We are independent & ad-supported. We may earn a commission for purchases made through our links.
Advertiser Disclosure
Our website is an independent, advertising-supported platform. We provide our content free of charge to our readers, and to keep it that way, we rely on revenue generated through advertisements and affiliate partnerships. This means that when you click on certain links on our site and make a purchase, we may earn a commission. Learn more.
How We Make Money
We sustain our operations through affiliate commissions and advertising. If you click on an affiliate link and make a purchase, we may receive a commission from the merchant at no additional cost to you. We also display advertisements on our website, which help generate revenue to support our work and keep our content free for readers. Our editorial team operates independently of our advertising and affiliate partnerships to ensure that our content remains unbiased and focused on providing you with the best information and recommendations based on thorough research and honest evaluations. To remain transparent, we’ve provided a list of our current affiliate partners here.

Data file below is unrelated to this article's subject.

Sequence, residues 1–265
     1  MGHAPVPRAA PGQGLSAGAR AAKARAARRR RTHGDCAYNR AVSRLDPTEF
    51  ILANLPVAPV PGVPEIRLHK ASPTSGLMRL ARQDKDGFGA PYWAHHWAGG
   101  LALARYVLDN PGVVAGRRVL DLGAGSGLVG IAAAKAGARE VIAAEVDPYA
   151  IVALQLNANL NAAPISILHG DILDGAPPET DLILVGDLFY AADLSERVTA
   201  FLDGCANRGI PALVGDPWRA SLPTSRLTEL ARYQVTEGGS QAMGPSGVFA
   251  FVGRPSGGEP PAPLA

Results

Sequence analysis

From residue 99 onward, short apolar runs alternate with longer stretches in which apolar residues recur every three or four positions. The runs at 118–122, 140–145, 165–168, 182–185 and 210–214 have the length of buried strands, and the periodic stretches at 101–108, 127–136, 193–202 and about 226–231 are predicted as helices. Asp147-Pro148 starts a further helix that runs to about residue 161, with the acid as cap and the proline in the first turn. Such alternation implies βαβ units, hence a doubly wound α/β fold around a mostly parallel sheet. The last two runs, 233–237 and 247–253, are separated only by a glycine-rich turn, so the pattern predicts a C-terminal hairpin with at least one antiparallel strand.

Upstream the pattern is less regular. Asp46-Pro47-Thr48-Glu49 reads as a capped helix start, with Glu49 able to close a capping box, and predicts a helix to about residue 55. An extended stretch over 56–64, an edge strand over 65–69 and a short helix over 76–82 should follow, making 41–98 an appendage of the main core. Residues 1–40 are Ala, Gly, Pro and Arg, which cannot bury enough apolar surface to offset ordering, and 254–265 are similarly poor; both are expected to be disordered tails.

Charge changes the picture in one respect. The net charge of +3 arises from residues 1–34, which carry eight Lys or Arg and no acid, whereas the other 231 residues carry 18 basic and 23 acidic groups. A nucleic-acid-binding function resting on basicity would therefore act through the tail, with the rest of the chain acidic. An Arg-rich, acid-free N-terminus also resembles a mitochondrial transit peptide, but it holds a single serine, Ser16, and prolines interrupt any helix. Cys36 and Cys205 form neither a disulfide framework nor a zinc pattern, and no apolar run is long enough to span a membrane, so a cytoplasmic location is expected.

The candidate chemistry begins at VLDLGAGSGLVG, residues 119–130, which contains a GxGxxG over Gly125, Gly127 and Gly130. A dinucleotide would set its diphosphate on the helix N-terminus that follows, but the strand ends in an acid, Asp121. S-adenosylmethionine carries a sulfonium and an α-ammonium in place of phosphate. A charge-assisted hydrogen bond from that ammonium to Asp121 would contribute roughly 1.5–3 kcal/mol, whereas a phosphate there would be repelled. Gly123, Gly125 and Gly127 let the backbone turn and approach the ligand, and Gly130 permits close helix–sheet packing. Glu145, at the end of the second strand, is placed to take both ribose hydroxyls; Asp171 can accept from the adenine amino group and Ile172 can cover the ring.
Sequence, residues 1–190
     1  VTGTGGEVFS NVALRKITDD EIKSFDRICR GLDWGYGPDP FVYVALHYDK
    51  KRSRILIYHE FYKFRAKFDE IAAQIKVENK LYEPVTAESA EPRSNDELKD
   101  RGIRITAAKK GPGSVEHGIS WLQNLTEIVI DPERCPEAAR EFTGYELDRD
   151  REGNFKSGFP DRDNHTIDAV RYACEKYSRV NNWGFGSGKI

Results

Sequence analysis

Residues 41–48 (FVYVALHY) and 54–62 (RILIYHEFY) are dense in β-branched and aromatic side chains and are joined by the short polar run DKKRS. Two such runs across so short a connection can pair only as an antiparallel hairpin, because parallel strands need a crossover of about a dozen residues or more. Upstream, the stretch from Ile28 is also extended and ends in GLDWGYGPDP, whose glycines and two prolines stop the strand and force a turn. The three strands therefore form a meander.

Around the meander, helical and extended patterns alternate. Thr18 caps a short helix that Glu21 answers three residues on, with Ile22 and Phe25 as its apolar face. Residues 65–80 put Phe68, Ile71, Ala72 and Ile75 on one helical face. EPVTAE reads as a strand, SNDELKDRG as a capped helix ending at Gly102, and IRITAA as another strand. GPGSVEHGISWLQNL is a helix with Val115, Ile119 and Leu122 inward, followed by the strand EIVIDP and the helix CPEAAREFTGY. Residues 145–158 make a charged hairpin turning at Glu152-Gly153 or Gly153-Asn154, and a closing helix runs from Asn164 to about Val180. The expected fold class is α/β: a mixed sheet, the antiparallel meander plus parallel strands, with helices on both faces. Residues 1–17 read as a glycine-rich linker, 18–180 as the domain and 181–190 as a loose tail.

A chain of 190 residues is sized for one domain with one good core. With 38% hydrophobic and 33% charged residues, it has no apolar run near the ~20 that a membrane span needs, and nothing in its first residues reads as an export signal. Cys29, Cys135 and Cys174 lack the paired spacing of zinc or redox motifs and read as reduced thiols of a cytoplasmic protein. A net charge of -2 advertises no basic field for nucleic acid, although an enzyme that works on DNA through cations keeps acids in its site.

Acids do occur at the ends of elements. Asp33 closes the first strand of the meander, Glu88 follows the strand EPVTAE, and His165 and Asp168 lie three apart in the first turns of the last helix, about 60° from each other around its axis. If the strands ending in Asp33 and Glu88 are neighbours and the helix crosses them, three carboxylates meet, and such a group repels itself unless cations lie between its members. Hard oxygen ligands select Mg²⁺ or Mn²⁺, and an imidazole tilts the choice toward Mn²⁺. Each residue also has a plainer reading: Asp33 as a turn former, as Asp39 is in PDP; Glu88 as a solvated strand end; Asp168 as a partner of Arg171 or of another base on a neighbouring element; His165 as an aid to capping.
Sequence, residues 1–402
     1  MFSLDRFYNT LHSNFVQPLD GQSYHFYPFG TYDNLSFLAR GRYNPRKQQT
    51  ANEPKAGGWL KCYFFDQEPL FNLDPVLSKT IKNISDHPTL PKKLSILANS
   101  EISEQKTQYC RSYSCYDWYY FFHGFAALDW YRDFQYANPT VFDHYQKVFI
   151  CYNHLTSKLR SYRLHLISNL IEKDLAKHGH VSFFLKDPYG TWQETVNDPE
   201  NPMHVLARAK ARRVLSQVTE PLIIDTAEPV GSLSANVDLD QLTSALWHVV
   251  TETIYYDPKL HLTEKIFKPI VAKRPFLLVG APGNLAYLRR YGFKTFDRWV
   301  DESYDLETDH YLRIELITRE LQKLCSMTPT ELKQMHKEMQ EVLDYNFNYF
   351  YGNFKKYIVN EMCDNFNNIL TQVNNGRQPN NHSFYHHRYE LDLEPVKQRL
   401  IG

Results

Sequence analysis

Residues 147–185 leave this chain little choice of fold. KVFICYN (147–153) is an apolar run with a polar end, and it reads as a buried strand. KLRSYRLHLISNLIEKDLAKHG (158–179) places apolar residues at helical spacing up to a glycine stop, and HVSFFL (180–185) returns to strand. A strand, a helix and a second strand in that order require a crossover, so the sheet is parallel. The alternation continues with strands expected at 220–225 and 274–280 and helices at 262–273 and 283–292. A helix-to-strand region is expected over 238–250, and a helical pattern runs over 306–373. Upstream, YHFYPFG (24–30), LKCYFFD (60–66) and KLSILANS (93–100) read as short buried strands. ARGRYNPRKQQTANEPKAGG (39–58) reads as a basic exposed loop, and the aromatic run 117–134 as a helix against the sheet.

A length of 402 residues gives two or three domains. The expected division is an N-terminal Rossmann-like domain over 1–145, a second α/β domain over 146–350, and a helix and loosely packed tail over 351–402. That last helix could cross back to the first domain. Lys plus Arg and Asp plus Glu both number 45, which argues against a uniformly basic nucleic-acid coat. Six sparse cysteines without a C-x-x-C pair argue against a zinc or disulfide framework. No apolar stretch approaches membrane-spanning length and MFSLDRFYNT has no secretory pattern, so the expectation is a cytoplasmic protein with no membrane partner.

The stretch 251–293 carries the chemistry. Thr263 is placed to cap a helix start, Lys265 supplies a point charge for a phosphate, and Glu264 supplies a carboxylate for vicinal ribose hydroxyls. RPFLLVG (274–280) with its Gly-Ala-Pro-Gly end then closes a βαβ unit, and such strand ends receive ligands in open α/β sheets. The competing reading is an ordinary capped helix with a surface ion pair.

Who is Ernest Shackleton?

Mary McMahon
Updated May 23, 2024
Our promise to you
PublicPeople is dedicated to creating trustworthy, high-quality content that always prioritizes transparency, integrity, and inclusivity above all else. Our ensure that our content creation and review process includes rigorous fact-checking, evidence-based, and continual updates to ensure accuracy and reliability.

Our Promise to you

Founded in 2002, our company has been a trusted resource for readers seeking informative and engaging content. Our dedication to quality remains unwavering—and will never change. We follow a strict editorial policy, ensuring that our content is authored by highly qualified professionals and edited by subject matter experts. This guarantees that everything we publish is objective, accurate, and trustworthy.